Bug 245548 (CVE-2007-2443)

Summary: CVE-2007-2443 krb5 RPC library stack overflow
Product: [Other] Security Response Reporter: Mark J. Cox <mjc>
Component: vulnerabilityAssignee: Red Hat Product Security <security-response-team>
Status: CLOSED ERRATA QA Contact:
Severity: low Docs Contact:
Priority: low    
Version: unspecifiedKeywords: Security
Target Milestone: ---   
Target Release: ---   
Hardware: All   
OS: Linux   
Fixed In Version: Doc Type: Bug Fix
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Clone Of: Environment:
Last Closed: 2008-02-26 15:14:46 UTC Type: ---
Regression: --- Mount Type: ---
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oVirt Team: --- RHEL 7.3 requirements from Atomic Host:
Cloudforms Team: --- Target Upstream Version:
Bug Depends On: 239073, 245544    
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Description Mark J. Cox 2007-06-25 11:41:55 UTC
The MIT Kerberos Team has made us aware of this following flaw in krb5:
CVE-2007-2443: The RPC library can write past the end of a stack

CVE-2007-2443: The function gssrpc__svcauth_unix() in
src/lib/rpc/svc_auth_unix.c stores an unsigned integer obtained from
IXDR_GET_U_LONG into a signed integer variable "str_len".
Subsequently, it checks that "str_len" is less than MAX_MACHINE_NAME,
which will always be true of "str_len" is negative, which can happen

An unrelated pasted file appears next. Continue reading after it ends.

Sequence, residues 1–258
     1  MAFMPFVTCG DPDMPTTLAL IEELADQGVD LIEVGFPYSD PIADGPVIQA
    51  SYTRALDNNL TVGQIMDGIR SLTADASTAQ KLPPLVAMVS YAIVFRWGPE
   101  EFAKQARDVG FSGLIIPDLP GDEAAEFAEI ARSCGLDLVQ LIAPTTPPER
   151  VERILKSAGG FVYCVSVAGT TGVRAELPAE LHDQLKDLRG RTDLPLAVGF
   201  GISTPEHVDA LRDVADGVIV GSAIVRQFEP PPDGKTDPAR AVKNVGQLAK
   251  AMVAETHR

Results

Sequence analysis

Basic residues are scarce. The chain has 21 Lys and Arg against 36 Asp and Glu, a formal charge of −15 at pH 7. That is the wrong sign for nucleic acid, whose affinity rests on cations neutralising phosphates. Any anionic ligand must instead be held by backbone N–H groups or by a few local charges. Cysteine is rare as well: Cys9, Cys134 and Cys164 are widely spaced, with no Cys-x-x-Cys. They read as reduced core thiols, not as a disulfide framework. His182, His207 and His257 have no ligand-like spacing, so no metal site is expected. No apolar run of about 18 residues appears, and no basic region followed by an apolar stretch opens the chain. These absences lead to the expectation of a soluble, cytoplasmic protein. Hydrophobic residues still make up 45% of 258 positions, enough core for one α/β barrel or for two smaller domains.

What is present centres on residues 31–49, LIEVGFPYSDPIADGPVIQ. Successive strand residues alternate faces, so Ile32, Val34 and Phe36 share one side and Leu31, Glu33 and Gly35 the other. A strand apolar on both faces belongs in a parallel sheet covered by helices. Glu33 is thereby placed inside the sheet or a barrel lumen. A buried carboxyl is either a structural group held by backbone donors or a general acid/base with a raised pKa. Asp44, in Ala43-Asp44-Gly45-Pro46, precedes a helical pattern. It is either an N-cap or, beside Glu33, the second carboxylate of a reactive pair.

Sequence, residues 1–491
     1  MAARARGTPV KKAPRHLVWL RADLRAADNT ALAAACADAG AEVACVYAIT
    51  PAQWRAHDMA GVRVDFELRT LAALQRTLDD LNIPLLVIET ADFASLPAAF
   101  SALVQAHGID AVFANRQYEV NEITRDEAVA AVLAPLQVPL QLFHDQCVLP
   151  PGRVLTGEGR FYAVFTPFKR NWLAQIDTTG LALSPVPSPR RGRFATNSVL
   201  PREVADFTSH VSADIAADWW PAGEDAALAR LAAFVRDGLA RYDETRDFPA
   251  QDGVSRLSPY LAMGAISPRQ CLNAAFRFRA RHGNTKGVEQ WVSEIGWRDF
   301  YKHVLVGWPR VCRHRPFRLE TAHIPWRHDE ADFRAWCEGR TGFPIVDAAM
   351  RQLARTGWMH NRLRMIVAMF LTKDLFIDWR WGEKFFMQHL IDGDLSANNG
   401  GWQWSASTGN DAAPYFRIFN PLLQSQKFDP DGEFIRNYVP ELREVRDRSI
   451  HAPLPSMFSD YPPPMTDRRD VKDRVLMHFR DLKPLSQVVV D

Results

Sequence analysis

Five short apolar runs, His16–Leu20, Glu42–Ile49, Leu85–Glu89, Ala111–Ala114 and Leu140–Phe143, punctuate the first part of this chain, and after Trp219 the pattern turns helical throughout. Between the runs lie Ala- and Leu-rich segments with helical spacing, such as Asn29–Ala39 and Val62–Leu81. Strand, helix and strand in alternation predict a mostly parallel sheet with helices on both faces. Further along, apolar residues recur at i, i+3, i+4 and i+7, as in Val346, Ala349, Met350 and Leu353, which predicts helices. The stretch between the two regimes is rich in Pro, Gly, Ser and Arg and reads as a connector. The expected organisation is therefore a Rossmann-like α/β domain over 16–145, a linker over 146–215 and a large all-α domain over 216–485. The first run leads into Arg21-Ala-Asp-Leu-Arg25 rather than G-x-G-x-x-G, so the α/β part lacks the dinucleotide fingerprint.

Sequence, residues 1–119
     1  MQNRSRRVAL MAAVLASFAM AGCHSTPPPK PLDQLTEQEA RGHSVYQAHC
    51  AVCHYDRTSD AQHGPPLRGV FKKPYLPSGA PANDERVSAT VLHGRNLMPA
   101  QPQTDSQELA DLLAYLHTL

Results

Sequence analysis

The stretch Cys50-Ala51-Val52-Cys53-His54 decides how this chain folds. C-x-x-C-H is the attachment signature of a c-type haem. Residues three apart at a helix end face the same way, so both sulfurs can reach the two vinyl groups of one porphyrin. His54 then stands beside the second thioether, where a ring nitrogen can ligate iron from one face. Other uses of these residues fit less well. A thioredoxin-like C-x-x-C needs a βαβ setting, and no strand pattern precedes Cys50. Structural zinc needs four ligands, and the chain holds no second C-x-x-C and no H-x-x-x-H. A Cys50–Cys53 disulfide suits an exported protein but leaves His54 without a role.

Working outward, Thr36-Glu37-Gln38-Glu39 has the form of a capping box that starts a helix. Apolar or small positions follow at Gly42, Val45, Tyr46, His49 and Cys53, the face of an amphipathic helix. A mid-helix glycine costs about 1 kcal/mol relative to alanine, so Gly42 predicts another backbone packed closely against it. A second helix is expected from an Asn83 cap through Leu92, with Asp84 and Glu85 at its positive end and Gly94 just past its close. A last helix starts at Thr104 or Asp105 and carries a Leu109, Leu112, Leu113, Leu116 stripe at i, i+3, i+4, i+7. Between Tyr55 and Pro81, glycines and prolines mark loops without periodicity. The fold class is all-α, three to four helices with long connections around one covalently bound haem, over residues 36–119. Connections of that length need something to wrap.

when a large unsigned integer is converted to a signed integer.  Once
the length check succeeds, gssrpc__svcauth_unix() calls memmove() with
a length of "str_len" with the target in a stack buffer.

This vulnerability is believed to be difficult to exploit because the
memmove() implementation receives a very large number (a negative
integer converted to a large unsigned value), which will almost
certainly cause some sort of memory access fault prior to returning.
This probably avoids any usage of the corrupted return address in the
overwritten stack frame.  Note that some (perhaps unlikely) memmove()
implementations may call other procedures and thus may be vulnerable
to corrupted return addresses.

Comment 1 Mark J. Cox 2007-06-25 11:45:21 UTC
On all architectures of Red Hat Enterprise Linux the memmove with large size
will just segfault and therefore this issue can lead to a denial of service.

( Note that this memmove overflow is not caught by FORTIFY_SOURCE due to the
structure of the code )

Comment 3 Josh Bressers 2007-06-26 18:21:03 UTC
Lifting embargo: http://web.mit.edu/Kerberos/advisories/MITKRB5-SA-2007-004.txt

Comment 4 Red Hat Product Security 2008-02-26 15:14:46 UTC
This issue was addressed in:

Red Hat Enterprise Linux: